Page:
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Leyland Brothers visit Uluru: 1977

Mike and Mal's first visit to the rock about 40 years ago. Probably filmed in 1977.

Some quotes:
"In the past 14 years 4 people have died climbing Ayers Rock."

"people of all ages attempt the climb from young children up to the oldest recorded climber, a 90 year old man."

Why did you climb it?

"Why? I can't really say. When you come in along the road after that first, or rather the last stretch of road, you know, I felt, is it worth it? But when you get there; it's worth it. It's really worth it."

"Just to have a look around."

"It's something to do I guess. I wanted to come up and have a look at it. I've never really seen a desert before so I figured that was a good place to have a look at one from." 

Wonderful to see families enjoying the climb without any guilt. Why climb...because it's there!



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Climber's Handbook: A guide to climbing Ayers Rock.

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17th death on the Rock

17th death on the Rock
ABC report that a 76 year old Japanese man collapsed on the steep part of the climb and despite first aid, was not able to be revived. The elderly Japanese man likely died as a result of heart complications, probably brought on by existing (perhaps unknown) medical conditions and over exerting himself. He appears to have died revelling in the opportunity life provides. RIP Brother of the Rock.  Our thoughts with his family and the first attenders who did their best to treat him. It's sad, but life goes on, and so should the climb.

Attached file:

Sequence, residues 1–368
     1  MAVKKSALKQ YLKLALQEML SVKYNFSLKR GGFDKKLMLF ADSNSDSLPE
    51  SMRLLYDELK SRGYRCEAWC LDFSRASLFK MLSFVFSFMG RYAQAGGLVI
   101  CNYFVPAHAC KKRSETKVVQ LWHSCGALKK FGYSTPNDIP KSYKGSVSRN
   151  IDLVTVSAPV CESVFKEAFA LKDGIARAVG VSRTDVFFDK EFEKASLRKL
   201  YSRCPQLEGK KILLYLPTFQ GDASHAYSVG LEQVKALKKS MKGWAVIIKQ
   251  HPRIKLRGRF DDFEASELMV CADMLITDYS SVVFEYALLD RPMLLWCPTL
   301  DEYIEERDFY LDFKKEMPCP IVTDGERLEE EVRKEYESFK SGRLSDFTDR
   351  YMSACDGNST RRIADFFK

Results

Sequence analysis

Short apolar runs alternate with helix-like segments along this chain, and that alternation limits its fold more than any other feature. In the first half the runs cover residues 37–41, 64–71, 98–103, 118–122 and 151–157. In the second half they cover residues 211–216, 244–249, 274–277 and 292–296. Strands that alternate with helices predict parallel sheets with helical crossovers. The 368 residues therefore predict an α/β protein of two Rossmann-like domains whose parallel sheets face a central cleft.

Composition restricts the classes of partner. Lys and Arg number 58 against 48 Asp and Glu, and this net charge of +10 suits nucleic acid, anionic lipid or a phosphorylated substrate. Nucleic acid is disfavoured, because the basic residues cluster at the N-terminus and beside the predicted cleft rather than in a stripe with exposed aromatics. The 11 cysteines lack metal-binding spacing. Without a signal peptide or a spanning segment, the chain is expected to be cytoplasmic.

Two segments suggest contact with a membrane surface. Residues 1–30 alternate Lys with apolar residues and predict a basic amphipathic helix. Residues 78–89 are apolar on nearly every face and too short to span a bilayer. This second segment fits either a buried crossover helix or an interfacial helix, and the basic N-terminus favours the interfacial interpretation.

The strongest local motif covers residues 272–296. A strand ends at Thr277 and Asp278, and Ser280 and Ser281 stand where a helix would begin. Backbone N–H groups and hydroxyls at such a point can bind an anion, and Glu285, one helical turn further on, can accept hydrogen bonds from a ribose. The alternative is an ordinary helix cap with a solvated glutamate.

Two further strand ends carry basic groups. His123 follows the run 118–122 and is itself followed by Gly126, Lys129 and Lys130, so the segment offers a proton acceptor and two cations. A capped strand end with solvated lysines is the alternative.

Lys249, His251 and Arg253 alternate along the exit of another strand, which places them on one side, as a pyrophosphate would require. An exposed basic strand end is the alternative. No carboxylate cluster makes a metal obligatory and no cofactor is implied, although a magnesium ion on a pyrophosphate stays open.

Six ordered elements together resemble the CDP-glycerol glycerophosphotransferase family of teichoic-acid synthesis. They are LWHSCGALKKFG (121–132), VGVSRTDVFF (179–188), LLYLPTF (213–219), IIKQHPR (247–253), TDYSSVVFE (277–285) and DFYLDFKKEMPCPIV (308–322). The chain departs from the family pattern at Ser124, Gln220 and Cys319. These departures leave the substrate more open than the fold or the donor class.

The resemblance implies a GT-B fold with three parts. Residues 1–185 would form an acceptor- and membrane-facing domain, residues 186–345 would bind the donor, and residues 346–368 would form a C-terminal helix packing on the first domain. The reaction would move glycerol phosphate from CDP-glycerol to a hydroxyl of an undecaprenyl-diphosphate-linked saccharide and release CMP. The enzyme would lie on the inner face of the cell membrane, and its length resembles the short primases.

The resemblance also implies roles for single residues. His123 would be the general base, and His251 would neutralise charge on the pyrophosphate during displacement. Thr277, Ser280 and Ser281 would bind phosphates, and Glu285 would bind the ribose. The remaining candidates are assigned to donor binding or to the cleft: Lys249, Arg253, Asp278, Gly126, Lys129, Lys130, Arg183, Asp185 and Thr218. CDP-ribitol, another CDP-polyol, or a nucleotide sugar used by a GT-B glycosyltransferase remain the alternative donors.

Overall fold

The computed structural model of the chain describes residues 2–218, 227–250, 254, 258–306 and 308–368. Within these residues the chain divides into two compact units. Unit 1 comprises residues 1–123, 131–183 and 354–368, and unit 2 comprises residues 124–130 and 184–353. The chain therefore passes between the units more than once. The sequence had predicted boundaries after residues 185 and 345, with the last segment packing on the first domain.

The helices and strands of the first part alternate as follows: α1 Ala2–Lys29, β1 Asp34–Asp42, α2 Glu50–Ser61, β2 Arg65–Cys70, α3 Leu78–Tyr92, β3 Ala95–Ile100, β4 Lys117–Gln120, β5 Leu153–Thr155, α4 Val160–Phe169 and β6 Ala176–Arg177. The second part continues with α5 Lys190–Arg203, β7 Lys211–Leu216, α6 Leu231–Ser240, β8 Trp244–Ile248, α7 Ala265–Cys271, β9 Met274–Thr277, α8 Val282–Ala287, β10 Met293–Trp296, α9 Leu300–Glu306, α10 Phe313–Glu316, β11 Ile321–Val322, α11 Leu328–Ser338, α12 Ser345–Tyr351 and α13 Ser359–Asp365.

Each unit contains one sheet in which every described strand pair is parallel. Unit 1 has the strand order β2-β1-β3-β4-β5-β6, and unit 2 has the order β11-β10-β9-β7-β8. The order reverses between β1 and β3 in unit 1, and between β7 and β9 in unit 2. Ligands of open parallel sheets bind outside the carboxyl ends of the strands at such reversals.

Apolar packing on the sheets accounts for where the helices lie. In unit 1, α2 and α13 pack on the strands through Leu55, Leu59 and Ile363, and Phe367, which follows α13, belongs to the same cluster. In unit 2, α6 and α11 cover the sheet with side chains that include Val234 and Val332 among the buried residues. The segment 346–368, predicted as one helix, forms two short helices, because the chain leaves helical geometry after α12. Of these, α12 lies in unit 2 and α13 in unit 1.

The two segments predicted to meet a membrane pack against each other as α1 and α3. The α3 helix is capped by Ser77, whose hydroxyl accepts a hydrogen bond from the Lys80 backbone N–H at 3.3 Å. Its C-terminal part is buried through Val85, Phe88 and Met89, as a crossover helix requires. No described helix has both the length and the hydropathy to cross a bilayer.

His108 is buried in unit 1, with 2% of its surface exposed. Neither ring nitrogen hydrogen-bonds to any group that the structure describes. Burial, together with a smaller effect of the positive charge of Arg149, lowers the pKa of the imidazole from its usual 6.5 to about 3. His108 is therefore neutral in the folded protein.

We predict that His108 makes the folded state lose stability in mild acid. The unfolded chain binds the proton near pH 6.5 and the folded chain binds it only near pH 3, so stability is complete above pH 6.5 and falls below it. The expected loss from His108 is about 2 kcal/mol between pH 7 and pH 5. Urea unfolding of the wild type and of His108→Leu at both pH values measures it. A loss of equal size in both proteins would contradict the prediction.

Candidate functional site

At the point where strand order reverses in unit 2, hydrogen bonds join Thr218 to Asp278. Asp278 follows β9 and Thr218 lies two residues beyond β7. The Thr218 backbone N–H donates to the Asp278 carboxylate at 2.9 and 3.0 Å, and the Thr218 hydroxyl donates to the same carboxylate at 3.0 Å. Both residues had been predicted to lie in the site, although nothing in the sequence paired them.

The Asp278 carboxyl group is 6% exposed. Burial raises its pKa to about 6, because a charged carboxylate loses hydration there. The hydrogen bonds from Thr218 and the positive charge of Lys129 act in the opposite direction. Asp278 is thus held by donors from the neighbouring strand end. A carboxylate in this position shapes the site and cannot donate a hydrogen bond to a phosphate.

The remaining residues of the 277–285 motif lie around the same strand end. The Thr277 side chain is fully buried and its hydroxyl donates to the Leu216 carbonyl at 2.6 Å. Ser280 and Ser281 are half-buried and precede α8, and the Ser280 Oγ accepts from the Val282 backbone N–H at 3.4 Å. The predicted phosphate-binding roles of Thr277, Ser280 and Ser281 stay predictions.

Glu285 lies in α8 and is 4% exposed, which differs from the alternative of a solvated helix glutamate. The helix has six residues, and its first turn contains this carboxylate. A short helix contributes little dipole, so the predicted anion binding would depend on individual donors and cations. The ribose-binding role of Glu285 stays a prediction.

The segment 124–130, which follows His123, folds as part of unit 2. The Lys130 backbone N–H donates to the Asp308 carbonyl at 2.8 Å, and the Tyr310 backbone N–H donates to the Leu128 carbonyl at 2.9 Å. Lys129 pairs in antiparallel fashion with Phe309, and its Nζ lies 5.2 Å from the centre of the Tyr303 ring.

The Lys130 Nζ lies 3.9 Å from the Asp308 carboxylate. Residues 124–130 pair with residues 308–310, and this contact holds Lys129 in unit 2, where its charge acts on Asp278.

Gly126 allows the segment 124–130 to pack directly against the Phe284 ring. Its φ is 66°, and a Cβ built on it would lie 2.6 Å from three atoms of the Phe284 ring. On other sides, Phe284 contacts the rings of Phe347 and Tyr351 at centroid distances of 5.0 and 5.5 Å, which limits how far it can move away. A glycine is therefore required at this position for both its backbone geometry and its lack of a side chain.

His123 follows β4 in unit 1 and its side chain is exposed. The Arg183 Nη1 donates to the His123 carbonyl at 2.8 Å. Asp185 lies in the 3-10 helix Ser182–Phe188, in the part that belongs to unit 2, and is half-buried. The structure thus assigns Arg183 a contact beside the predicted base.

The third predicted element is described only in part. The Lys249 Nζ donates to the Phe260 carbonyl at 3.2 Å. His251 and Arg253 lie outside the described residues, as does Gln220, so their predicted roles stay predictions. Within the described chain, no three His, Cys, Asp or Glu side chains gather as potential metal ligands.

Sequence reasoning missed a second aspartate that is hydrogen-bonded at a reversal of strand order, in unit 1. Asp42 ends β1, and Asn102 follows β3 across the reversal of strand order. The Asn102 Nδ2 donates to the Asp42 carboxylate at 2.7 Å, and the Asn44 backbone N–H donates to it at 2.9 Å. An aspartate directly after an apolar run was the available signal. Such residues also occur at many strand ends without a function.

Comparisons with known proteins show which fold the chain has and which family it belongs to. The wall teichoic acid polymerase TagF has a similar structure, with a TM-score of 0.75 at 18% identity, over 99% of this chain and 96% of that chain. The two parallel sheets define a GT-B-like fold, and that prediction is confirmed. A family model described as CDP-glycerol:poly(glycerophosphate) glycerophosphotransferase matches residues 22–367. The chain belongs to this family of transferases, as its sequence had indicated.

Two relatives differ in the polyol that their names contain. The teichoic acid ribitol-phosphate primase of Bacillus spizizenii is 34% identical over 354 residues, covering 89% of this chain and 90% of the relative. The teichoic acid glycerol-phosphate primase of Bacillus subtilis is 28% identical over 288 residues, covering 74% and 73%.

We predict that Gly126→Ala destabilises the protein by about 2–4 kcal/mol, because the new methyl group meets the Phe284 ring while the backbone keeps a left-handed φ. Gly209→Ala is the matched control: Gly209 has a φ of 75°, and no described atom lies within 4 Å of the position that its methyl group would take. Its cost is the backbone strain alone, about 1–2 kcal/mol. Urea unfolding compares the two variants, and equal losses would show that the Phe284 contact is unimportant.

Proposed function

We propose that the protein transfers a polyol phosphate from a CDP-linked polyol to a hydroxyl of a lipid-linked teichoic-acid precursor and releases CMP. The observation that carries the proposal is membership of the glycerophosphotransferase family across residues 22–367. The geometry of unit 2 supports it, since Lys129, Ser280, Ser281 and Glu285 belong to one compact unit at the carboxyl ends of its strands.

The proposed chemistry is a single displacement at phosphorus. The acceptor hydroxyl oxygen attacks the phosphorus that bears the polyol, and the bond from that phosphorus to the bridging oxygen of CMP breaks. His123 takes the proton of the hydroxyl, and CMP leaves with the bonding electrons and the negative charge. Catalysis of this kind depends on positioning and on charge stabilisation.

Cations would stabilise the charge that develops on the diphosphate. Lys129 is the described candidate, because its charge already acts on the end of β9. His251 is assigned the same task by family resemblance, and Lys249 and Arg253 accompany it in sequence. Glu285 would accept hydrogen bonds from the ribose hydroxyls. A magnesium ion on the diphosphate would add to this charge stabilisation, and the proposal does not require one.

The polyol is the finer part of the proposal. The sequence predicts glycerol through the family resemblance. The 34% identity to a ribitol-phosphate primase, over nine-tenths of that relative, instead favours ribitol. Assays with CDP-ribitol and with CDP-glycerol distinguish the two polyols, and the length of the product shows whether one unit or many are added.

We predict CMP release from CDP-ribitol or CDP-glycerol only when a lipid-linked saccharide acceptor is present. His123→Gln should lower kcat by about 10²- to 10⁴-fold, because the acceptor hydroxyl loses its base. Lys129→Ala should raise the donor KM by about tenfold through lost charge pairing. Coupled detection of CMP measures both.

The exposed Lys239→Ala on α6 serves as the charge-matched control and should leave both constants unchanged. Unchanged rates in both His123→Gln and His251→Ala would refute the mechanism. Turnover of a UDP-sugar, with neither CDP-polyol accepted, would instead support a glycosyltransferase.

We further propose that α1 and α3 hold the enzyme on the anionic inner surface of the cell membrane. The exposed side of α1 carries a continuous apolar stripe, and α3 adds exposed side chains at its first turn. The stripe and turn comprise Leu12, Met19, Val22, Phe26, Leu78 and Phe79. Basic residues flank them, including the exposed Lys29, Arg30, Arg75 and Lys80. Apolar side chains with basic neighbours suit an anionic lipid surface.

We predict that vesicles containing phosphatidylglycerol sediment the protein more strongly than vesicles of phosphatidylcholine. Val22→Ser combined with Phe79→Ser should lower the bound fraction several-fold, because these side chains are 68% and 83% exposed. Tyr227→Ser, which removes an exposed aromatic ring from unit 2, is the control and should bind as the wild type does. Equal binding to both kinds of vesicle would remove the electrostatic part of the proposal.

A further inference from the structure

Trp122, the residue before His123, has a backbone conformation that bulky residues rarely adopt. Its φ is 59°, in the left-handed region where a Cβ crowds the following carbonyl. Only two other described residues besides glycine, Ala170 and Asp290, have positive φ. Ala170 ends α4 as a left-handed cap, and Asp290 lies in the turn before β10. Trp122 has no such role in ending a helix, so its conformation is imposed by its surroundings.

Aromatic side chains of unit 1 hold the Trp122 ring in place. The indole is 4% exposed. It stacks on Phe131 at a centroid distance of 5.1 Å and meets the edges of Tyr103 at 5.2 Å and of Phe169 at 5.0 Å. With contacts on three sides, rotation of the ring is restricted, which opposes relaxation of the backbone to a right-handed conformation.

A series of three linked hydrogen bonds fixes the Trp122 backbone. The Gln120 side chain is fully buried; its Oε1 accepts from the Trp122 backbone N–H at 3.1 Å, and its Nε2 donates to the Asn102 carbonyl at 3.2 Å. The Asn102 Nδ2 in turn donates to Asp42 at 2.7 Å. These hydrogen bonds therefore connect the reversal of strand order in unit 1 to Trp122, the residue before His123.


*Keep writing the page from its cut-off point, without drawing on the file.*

His death marks the 17th death ON the Rock since 26 May 1962 when 16 year old school boy Brian Strieff, on a school excursion with Carey Grammar, wondered off the main path in heavy fog on the way down and fell to his death.

ABC's report indicate it is the 37th death, but these figures from Parks Australia have not been substantiated. It seems that many of the deaths Parks Australia claim to have occurred ON the Rock occurred in…

A pictorial response to arguments against climbing Ayers Rock

A pictorial response to arguments against climbing Ayers RockIt's too dangerous Group of women aged 19-70 climb Ayers Rock as part of the 1957 Petticoat Safari. This was prior to the chains being installed. Since the 1950s over 6,000,000 people of all ages have climbed the rock. In that time there have been a reported 36 deaths mainly heart attacks to older men, not acclimatised to the heat of central Australia. If you are fit and healthy and stick to the marked path climbing Ayers Rock is an exhilarating adventure but a decidedly low risk activity.

Here's Arthur Groom's take on the climbing options: extract from I saw a strange land
Various writers have described Ayers Rock as difficult of ascent, when in reality it is a trained mountaineer's job on the east-south-east corner, a rough and steep scramble up at least two places on its southern side, and nothing else but a strenuous and spectacular uphill walk on its western side It’s a Sacred Site, climbing is disrespect…